Host range, transmission and spread: Virus can naturally infect a wide variety of avian species and is primarily a disease of domesticated poultry such as fowl and turkeys. Turkeys followed by chickens are the most susceptible species. Quails, guinea fowls, pheasants, partridges, geese and ducks (Mallards and Muscovy) are also susceptible. Ostriches, passerine birds and pheasants can also be infected (Alexander, 2000; Dhama et al., 2005, 2008a). Virus is highly contagious and can spread very fast and easily could cross the continents. AIV is usually introduced into one country through wild fauna and subsequently spreads to the domestic flocks directly via wild and domestic birds or indirectly through contaminated fomites (Munster et al., 2007; Feare, 2007). Virus is transmitted by direct contact between infected and susceptible birds or indirect contact through air borne droplets or exposure to contaminated feed and fomites, secretions, aerosols, faeces, water, equipments and clothings. Faeco-oral is the major route of transmission. One gram of infected bird feces is capable of infecting one million (10 Lakh) susceptible birds. Wild/migratory/free flying birds, ducks and geese, are important reservoirs of influenza viruses, these birds constantly shed virus through their respiratory secretions and droppings which helps virus to persist in environment (Brown and Stallknecht, 2008; Dhama et al., 2008a). AIV H5N1, H5N2, H5N3, H5N9, H7N1, H7N2, H7N3, H7N4, H7N7, H9N2, H10N7 and also H1N2, H2N2, H6N1 and H3 subtypes have been reported in poultry (Dhama et al., 2005, Alexander, 2007; Weber and Stilianakis, 2007; Pawaiya et al., 2009; Tiwari and Dhama, 2012).

Role of migratory birds in the spread of bird flu: It is indicative that H5N1 viruses are now being transmitted between migratory birds (Dhama et al., 2005; Reperant et al., 2011; Cappelle et al., 2012; Tiwari and Dhama, 2012) and may pose a threat to humans (Sakoda et al., 2012). Spread of pandemic human strains of bird flu virus through wild birds however remains debated (Reid and Taubenberger, 2003). The most recent pandemic strain (H1N1) contains several segments that most likely originate in migratory birds. Intimate linkage is thus there among wild birds (migratory) and mammals (including human) that governs dynamics of influenza infections (Vandegrift et al., 2010). More than one factor increases the risk of introduction or spread as well as maintenance of AIV via wild birds. These include: the species of susceptible animal; number and age of target individuals; characteristics of the geographical area of origin and destination; local (seasonal) abundance of that species and the gregariousness of the species during the breeding and migration and non-breeding seasons (Artois et al., 2009). In a specific geographical area, probability of spread of infection through contact with domestic avian species increases due to congregations of migratory wild bird population which are natural as well as principal reservoirs for most of the AIV subtypes (H1-H16 and N1-N9) (Dhama et al., 2005; Sengupta et al., 2007; Lee et al., 2008, Musa et al., 2009). Avian flu H5N1 virus outbreak in migratory waterfowl such as bar-headed geese, brown-headed gulls and great black-headed gulls in western China, killed nearly 1,500 migratory birds in 2005. In the United States, shore birds and great black-headed gulls are found to be reservoirs of subtypes H1-H13 and N1-N9 (Olsen et al., 2006; Krauss et al., 2007). However, majority of the AIVs that are circulating in migratory birds belong to Low Pathogenicity Avian Influenza (LPAI) viruses (Gonzalez-Reiche et al., 2012; Henaux et al., 2012).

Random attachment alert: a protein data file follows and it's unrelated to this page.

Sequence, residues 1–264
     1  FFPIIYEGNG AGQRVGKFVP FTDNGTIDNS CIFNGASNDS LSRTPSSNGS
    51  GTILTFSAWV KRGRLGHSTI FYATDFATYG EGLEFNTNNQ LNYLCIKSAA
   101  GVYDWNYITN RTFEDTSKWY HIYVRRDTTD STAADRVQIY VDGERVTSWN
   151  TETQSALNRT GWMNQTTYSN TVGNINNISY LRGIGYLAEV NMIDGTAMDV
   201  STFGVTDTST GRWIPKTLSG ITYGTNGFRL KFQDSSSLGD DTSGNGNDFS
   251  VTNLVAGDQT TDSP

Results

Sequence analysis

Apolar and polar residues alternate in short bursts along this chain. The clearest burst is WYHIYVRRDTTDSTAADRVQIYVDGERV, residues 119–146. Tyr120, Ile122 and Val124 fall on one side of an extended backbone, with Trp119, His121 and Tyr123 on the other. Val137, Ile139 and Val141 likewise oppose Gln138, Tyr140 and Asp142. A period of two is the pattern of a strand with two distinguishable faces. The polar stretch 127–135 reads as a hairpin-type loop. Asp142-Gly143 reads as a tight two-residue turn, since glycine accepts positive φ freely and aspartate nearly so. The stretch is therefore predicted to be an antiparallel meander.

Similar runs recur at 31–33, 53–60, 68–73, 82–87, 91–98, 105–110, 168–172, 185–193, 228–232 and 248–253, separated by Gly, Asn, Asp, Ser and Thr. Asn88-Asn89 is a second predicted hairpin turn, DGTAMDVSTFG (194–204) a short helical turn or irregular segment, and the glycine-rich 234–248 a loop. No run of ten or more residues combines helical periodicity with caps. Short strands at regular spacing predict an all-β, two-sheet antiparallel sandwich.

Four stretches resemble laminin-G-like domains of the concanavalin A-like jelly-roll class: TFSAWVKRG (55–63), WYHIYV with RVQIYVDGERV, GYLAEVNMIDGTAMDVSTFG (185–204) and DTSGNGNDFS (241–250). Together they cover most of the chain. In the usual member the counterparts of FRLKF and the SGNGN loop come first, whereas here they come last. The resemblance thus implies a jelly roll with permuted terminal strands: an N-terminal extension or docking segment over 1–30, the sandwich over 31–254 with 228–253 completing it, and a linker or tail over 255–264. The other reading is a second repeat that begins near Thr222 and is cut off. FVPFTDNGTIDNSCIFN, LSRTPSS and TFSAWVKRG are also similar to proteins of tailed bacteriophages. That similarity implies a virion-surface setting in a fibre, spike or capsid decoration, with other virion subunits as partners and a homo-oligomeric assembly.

DISEASE IN BIRDS (AVIAN/BIRD FLU)

The disease syndrome in birds ranges from asymptomatic/subclinical to mild upper respiratory illness and loss of egg production to a highly contagious and rapidly fatal systemic disease resulting in severe epidemics, with very high morbidity and mortality in the affected poultry flocks. Incubation period of the virus is few hours to 3 days (Alexander, 2000; Dhama et al., 2005; Capua and Alexander, 2007, 2009).

Highly pathogenic avian influenza (HPAI): HPAI is an acute, generalized, highly infectious and dynamically evolving disease of birds causing huge morbidity and mortality leading to very high economical losses. Infections with HPAI H5 and H7 subtypes can occur in poultry including other types of birds and result into the clinical picture of bird flu. These subtypes can replicate throughout the bird’s body (pantropism), resulting in disease with a very high mortality rate. HPAI have multiple basic amino acids at the cleavage site, are cleavable by ubiquitous proteases and causes extensive damage to all systems and vital organs (Dhama et al., 2005; Eagles et al., 2009).

Clinical signs: In domestic poultry (chickens and turkeys primarily), there is sudden onset of severe illness, rapid death, high mortality and morbidity which may reach to 100% within few days. It is a fatal systemic disease affecting most organ systems including the nervous and cardiovascular systems. In peracute cases, birds are seen dead prior to observance of any clinical signs. Signs include severe respiratory distress/sounds, depression, coughing, sneezing, watery eyes and sinuses with excessive eye discharges, cyanosis of head, combs, wattles and shanks, edema/swelling of head, face and sinuses, ruffled feathers and diarrhoea (initially bright green, later white) and nervous signs. Drops in egg production occur in breeders and layers with typical declines including total cessation of egg production within six days (Alexander, 2000; Dhama et al., 2005; Gowthaman et al., 2009).